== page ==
taxing my mind!

John sent this paper critiquing functionalism, and it coincides nicely with the discussion I (mostly missed) today among some of the departments’ social interactionists. “Holism on a grand scale is difficult, if not impossible, to verify, but the way systems work is not.” Donal argues, I think, that systems can be understood from the inside out…maybe this is what Bakhtin refers to as centrifugal? A centrifugal forces pushes things away from the center. Donal often uses the term “cohere”, so he’s arguing that the discourse around a certain practice is centripetal (a pulling inward). But what if the pulling in is in reaction to, or predicted upon the condition of possibility that other discourses are pushing out?

I am working a paradox here. For instance, the notion that the term “cultural difference” means certain things to a particular group, and certain other things to a different group. Members of both groups can use the term and think they have a common referent. If the uses and meanings, premises, etc. are defined only in terms of what is sensible within the group – this may be an accurate representation of that particular cultural system, but it neglects the position of this particular cultural system within a larger system who’s primary function seems to be “to eat cultures.”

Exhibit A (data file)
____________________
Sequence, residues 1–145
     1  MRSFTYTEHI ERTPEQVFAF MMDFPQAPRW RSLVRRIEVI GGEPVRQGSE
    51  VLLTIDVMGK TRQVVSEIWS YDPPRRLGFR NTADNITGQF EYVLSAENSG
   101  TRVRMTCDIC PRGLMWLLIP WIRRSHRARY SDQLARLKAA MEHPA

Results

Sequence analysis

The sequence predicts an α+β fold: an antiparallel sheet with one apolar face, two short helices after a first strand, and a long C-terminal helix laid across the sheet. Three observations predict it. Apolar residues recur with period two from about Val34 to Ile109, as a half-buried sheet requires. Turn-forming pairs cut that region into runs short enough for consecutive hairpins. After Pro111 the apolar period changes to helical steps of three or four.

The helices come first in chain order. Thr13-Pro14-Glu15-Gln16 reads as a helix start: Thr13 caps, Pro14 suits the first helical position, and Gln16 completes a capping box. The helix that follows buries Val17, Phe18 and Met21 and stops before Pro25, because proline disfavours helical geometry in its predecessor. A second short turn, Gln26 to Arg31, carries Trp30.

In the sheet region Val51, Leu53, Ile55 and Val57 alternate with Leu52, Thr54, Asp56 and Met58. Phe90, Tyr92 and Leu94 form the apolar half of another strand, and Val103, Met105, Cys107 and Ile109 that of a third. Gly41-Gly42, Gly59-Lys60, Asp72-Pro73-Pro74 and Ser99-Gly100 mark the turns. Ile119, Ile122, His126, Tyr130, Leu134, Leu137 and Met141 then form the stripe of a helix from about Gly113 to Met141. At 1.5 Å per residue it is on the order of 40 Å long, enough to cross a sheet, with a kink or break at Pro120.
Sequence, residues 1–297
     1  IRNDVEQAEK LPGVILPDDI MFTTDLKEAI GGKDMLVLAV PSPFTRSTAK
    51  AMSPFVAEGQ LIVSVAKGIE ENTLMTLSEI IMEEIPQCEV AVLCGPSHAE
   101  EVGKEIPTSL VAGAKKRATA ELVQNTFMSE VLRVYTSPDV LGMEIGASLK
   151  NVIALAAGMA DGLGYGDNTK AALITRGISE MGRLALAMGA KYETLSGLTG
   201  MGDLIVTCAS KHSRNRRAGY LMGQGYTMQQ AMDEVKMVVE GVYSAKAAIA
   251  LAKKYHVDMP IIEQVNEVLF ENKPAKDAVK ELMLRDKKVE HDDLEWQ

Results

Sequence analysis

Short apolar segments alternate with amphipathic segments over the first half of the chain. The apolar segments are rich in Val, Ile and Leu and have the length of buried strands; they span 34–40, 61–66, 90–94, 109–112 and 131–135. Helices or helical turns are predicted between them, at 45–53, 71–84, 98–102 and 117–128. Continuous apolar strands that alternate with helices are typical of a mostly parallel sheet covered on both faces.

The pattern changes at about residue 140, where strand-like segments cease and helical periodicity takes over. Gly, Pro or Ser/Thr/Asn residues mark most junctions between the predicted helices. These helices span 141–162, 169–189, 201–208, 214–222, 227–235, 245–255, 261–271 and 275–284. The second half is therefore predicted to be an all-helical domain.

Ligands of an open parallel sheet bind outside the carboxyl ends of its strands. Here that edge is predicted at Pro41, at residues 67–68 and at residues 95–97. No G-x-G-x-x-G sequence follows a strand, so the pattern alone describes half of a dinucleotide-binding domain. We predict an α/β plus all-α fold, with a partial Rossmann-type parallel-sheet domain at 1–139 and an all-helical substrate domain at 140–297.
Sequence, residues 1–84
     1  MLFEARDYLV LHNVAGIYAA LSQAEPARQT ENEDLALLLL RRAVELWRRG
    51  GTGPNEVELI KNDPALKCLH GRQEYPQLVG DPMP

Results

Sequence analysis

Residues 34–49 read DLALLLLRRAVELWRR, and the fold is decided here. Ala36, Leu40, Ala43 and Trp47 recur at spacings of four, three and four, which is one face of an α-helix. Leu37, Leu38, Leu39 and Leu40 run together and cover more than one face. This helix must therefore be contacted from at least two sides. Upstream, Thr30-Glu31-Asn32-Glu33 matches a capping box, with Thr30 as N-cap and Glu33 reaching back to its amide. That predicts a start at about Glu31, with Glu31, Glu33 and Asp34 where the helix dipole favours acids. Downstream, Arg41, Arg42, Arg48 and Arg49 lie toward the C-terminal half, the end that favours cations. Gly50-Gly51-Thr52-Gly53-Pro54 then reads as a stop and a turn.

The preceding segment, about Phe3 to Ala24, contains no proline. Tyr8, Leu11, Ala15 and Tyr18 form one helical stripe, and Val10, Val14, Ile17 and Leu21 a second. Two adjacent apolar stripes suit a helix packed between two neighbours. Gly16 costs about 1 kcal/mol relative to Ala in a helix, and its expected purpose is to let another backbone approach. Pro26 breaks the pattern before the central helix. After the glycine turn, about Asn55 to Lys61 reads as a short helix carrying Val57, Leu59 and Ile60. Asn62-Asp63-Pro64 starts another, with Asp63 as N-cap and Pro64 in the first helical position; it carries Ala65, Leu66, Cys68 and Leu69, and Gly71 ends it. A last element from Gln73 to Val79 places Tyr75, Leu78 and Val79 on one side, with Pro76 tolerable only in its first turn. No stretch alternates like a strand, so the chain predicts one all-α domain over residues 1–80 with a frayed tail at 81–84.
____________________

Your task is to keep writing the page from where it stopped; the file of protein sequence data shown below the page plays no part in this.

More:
Fiske would be liking that argument, however, one cannot assume a direct relational interaction in any type of conflict, so the ways this term plays into the larger system and plays out within its local cultural system are by no means transparent. This seems to me to be the crux of the Fiske-Carbaugh debate. Donal critiques the automatic assumption of conflict because it can work as a filter or lens to presuppose and superimpose the “usual ways” that conflict plays out between majorities/minorities, the oppressors and the oppressed. Fiske critiques Donal’s willingness to stop at explication of a cultural system without delving further into its interactive participation within an even larger structural system.
To at least a certain extent, part of the challenge of finding power in discourse, is asking questions that assume persons have some way of making sense of how their particular cultural meanings are used in and by the larger system. Power may not always show up, but that could be because we’re participating in dialogic repression. When power does show up, it may be in radically different forms than we expect.

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